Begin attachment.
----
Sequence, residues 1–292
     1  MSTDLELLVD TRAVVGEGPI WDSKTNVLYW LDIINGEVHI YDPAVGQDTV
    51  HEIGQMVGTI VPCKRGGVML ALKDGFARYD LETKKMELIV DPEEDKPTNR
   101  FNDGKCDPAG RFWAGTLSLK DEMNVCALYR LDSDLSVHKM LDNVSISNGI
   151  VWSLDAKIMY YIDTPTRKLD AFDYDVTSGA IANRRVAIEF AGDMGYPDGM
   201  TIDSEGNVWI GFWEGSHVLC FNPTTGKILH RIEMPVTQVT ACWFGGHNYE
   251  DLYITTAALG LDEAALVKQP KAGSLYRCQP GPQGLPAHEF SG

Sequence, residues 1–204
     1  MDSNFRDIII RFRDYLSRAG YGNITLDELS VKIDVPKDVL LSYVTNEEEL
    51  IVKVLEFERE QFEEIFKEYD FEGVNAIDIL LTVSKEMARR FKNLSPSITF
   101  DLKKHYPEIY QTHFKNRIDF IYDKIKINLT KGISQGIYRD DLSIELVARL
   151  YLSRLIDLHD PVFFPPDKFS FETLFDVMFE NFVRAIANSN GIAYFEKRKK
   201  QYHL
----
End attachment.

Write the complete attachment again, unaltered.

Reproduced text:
Sequence, residues 1–292
     1  MSTDLELLVD TRAVVGEGPI WDSKTNVLYW LDIINGEVHI YDPAVGQDTV
    51  HEIGQMVGTI VPCKRGGVML ALKDGFARYD LETKKMELIV DPEEDKPTNR
   101  FNDGKCDPAG RFWAGTLSLK DEMNVCALYR LDSDLSVHKM LDNVSISNGI
   151  VWSLDAKIMY YIDTPTRKLD AFDYDVTSGA IANRRVAIEF AGDMGYPDGM
   201  TIDSEGNVWI GFWEGSHVLC FNPTTGKILH RIEMPVTQVT ACWFGGHNYE
   251  DLYITTAALG LDEAALVKQP KAGSLYRCQP GPQGLPAHEF SG

Sequence, residues 1–204
     1  MDSNFRDIII RFRDYLSRAG YGNITLDELS VKIDVPKDVL LSYVTNEEEL
    51  IVKVLEFERE QFEEIFKEYD FEGVNAIDIL LTVSKEMARR FKNLSPSITF
   101  DLKKHYPEIY QTHFKNRIDF IYDKIKINLT KGISQGIYRD DLSIELVARL
   151  YLSRLIDLHD PVFFPPDKFS FETLFDVMFE NFVRAIANSN GIAYFEKRKK
   201  QYHL